And all her husbandry doth lie on heaps,
Corrupting in it own fertility.
Her vine, the merry cheerer of the heart,
Unpruned dies; her hedges even-pleached,
Like prisoners wildly overgrown with hair,
Put forth disordered twigs; her fallow leas
The darnel, hemlock, and rank fumitory
Doth root upon, while that the coulter rusts
That should deracinate such savagery.
The even mead, that erst brought sweetly forth
The freckled cowslip, burnet, and green clover,
Wanting the scythe, all uncorrected, rank,
Conceives by idleness, and nothing teems
But hateful docks, rough thistles, kecksies, burs,
Losing both beauty and utility;
And as our vineyards, fallows, meads, and hedges,
Defective in their natures, grow to wildness,
Even so our houses and ourselves and children
Have lost, or do not learn for want of time,
The sciences that should become our country,
But grow like savages – as soldiers will
That nothing do but meditate on blood –
To swearing and stern looks, diffused attire,
And everything that seems unnatural.
Which to reduce into our former favour
You are assembled; and my speech entreats
That I may know the let why gentle peace
Should not expel these inconveniences,
And bless us with her former qualities.

KING HENRY
If, Duke of Burgundy, you would the peace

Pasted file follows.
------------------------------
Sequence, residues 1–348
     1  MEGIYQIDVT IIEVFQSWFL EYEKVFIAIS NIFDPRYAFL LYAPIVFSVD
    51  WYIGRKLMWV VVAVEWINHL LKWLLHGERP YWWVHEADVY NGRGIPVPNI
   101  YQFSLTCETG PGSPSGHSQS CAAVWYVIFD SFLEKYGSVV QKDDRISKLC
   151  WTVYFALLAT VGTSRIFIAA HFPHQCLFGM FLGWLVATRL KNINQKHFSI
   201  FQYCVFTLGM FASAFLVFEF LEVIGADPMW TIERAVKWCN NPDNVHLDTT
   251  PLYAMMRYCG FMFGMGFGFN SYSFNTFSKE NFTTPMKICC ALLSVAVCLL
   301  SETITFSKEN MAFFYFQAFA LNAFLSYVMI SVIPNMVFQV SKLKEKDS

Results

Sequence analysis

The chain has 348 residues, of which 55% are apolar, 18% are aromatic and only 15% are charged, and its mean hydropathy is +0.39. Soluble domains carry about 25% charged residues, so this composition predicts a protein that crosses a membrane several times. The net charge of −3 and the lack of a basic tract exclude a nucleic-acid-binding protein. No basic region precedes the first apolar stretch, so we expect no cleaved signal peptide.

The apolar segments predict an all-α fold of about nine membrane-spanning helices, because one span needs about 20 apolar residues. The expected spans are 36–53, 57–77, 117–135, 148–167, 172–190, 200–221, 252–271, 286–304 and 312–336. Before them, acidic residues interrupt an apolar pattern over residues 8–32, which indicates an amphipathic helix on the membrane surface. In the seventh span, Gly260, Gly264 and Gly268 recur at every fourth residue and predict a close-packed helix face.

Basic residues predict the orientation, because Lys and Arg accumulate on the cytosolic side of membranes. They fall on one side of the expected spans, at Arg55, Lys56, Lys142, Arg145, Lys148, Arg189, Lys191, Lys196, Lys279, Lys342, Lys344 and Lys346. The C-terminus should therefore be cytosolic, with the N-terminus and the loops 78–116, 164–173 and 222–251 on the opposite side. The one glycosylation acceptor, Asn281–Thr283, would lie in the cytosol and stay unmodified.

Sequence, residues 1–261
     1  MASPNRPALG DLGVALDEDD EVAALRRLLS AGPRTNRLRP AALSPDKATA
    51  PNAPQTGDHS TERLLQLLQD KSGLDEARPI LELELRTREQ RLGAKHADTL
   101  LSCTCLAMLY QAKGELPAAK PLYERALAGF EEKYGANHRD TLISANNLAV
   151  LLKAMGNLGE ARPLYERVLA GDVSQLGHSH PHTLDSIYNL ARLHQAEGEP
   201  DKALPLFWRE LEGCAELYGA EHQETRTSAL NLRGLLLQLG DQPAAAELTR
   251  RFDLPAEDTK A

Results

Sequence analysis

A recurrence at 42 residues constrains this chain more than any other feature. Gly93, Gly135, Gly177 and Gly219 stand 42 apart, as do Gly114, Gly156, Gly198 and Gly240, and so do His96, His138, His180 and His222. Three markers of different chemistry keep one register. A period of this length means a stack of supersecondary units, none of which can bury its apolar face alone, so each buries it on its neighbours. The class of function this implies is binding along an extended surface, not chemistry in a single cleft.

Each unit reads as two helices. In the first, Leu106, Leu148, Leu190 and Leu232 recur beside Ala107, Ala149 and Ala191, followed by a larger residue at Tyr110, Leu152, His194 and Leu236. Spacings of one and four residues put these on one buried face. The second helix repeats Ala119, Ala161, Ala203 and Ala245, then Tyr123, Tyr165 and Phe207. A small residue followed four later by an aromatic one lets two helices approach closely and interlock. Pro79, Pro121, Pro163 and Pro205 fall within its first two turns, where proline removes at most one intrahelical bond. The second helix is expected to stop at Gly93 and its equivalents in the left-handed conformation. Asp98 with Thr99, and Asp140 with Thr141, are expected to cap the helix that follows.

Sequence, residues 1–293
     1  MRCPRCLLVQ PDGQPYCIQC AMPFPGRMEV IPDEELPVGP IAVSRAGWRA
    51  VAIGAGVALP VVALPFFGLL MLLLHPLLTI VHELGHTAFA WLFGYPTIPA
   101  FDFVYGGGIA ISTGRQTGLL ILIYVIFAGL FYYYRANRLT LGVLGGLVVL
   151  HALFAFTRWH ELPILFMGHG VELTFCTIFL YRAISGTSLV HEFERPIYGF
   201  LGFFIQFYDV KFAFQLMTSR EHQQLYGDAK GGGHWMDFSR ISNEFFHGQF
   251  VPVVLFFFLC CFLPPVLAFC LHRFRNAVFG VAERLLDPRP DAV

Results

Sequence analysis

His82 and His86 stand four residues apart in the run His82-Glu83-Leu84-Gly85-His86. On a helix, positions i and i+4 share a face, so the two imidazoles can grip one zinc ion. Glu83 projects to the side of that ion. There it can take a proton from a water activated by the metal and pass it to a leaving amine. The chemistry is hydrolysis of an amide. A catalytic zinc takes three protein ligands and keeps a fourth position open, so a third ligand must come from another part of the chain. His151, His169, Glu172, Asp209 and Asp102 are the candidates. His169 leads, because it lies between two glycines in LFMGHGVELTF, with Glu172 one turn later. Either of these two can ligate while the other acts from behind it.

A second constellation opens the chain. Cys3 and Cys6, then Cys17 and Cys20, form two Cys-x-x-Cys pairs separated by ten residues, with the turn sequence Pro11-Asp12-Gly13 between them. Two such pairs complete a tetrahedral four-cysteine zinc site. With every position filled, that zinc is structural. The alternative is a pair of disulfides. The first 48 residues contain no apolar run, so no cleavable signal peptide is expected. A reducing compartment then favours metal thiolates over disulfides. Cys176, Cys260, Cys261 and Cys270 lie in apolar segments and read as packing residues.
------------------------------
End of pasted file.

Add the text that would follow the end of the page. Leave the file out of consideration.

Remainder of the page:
Whose want gives growth to th' imperfections
Which you have cited, you must buy that peace
With full accord to all our just demands,
Whose tenors and particular effects
You have, enscheduled briefly, in your hands.

BURGUNDY
The King hath heard them, to the which as yet
There is no answer made.

KING HENRY
Well then, the peace
Which you before so urged lies in his answer.

FRENCH KING
I have but with a cursitory eye
O'erglanced the articles. Pleaseth your grace
To appoint some of your Council presently
To sit with us once more, with better heed
To re-survey them, we will suddenly
Pass our accept and peremptory answer.

KING HENRY
Brother, we shall. Go, uncle Exeter,
And brother Clarence, and you, brother Gloucester,
Warwick, and Huntingdon, go with the King;
And take with you free power to ratify,
Augment, or alter, as your wisdoms best
Shall see advantageable for our dignity,
Anything in or out of our demands,
And we'll consign thereto. Will you, fair sister,
Go with the Princes, or stay here with us?

QUEEN ISABEL
Our gracious brother, I will go with them.
Haply a woman's voice may do some good,
When articles too nicely urged be stood on.

KING HENRY
Yet leave our cousin Katherine here with us;
She is our capital demand, comprised
Within the fore-rank of our articles.

QUEEN ISABEL
She hath good leave.
Exeunt all but Henry, Katherine, and Alice

KING HENRY
Fair Katherine, and most fair,
Will you vouchsafe to teach a soldier terms
Such as will enter at a lady's ear
And plead his love-suit to her gentle heart?

KATHERINE
Your majesty shall mock at me; I cannot
speak your England.

KING HENRY
O fair Katherine, if you will love me soundly
with your French heart, I will be glad to hear you confess
it brokenly with your English tongue. Do you like me,
Kate?

KATHERINE
Pardonnez-moi, I cannot tell vat is ‘ like me.’

KING HENRY
An angel is like you, Kate, and you are like
an angel.